Wednesday, March 22, 2006

Views on Georgia v. Randolph?

I have deleted my original post to help make more immediately visible Galen's post about TOMORROW evening's event featuring Judge Silberman. It should be a delightful occasion for Federalists and non-Federalists alike! Hope to see you there!

3 comments:

Anonymous said...

Actually, their "married" status was not relevant in the case. Souter refers to them as "co-tenants" or "occupants." (In fact, the marriage was clearly dissolving and the estranged wife had only just returned to the home for a brief period when the cops initiated the search at issue.)

Charles Iragui said...

J. Li,

I'm also not sure why you think this was about the rights of married/unmarried. The dissent also spoke in terms of "co-occupant".

The dissent spoke of an anomaly that the search would be legal so long as the potentially objecting spouse was not there to register the objection (eg happened to be napping). Isn't this fortuitousness always present? For instance, if the co-occupant happened to be absent and only the target of the investigation were there, then no one contests that the police could not enter; the presence of a consenting co-occupant is often fortuitous.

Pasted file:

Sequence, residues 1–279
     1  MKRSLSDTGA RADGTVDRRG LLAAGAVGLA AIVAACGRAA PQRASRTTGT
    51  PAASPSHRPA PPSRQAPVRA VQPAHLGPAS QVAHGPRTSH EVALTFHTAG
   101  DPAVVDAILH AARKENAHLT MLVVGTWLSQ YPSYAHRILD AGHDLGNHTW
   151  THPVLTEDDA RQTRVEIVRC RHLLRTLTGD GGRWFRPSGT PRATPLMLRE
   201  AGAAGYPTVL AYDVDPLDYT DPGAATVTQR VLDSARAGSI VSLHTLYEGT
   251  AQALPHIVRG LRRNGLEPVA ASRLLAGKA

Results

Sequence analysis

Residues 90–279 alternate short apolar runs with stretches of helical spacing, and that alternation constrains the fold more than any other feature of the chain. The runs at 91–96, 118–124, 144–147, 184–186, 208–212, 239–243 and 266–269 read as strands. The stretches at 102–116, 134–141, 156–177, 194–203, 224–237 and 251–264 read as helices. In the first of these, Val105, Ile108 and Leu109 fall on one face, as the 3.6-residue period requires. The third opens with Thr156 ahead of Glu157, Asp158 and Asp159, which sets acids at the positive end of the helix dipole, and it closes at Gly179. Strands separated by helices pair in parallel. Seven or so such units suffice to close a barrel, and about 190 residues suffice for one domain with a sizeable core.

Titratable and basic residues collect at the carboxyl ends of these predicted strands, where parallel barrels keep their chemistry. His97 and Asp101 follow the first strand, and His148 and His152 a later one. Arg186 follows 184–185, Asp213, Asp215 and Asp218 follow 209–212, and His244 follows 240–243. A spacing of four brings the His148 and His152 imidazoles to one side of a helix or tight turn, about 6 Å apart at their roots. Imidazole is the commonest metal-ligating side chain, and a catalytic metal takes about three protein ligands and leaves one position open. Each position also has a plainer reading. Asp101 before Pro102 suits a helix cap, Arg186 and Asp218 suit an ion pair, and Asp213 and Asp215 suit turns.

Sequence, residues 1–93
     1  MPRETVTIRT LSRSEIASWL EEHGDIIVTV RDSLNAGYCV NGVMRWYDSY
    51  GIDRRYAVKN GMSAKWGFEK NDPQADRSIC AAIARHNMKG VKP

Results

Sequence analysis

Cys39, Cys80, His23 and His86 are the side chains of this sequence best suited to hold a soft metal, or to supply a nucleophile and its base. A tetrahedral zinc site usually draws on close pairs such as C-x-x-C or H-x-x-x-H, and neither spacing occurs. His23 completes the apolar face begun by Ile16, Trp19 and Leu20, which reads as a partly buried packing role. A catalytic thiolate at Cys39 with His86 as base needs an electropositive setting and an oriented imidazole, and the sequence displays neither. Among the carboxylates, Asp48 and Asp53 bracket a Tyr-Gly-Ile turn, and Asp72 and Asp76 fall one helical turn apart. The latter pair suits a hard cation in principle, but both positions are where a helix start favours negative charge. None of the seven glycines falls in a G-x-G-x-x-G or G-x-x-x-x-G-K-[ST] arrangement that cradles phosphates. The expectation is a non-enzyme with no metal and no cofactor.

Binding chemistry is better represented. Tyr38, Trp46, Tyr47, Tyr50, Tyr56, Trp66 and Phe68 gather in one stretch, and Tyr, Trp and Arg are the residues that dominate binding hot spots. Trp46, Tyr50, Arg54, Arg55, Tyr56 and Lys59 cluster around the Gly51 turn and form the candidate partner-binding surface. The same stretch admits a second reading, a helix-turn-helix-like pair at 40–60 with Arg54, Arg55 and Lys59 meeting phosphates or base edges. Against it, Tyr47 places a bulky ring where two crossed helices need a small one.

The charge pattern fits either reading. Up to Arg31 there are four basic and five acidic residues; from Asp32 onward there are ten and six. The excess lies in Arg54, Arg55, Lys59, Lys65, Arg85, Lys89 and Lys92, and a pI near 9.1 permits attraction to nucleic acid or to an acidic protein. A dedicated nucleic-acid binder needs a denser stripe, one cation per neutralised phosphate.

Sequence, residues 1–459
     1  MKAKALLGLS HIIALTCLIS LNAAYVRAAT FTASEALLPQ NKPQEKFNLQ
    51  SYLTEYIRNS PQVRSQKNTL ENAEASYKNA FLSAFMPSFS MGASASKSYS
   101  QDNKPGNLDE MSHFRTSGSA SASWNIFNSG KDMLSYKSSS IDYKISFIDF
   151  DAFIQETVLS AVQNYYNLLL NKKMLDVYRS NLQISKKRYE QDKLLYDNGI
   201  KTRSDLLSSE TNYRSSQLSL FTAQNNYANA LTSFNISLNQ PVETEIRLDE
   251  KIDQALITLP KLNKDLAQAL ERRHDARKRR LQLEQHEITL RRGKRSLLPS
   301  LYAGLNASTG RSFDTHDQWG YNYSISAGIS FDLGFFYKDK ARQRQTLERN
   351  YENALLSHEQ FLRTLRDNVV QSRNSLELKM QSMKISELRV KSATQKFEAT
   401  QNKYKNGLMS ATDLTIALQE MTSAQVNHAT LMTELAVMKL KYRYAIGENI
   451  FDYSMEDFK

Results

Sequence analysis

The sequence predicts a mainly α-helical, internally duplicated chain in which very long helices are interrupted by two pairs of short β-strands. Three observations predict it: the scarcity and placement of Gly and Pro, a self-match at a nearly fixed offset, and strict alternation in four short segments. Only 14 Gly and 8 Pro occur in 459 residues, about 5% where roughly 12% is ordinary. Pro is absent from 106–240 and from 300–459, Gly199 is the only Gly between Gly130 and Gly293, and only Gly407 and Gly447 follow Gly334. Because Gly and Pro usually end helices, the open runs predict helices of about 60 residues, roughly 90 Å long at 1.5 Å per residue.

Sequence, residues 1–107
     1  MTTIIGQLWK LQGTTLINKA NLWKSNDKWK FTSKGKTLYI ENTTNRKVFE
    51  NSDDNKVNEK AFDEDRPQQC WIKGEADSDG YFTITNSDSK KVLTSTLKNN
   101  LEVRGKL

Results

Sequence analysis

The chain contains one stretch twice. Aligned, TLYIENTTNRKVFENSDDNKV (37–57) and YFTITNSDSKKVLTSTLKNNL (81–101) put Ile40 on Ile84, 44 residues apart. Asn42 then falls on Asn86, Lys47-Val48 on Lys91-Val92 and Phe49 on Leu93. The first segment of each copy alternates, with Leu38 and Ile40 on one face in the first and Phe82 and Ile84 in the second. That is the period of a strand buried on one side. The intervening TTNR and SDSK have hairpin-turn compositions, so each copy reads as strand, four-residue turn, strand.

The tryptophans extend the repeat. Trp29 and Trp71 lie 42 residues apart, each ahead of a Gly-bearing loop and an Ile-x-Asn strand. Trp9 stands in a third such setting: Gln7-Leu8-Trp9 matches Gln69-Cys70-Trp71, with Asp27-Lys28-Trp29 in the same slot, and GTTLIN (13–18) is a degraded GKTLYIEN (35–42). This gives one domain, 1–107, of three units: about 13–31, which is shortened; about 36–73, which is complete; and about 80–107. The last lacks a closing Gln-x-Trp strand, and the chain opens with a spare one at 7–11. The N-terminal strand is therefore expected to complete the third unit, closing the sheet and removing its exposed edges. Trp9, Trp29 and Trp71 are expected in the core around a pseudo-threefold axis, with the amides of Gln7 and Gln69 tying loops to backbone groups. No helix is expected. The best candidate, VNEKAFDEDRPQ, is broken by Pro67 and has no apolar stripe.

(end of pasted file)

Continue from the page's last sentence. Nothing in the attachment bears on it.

The reason why the law should choose the honor the consenting occupant over the non-consenting one is, I think, prudential (the danger of, for instance, letting a powerful husband overrule a dominated wife) and practical (one more complicating twist for the police to remember). These considerations are what make such searches "reasonable".

Charles

Charles Iragui said...

J. Li,

OK - you're using "married" as shorthand for "cohabiting". Nevertheless, doesn't your dichotomy seem to give cohabiting people more rights than they currently have, regardless of Randolph? After all, previous to this decision it was (and still is) permissible to have a co-occupant consent to search, without first obtaining the consent of other co-occupants. It is only over the objections of another co-occupant that the police cannot now enter. This is clearly less protection than a person living alone would have. Does the current jurisprudence not correctly construe the 4th Amendment?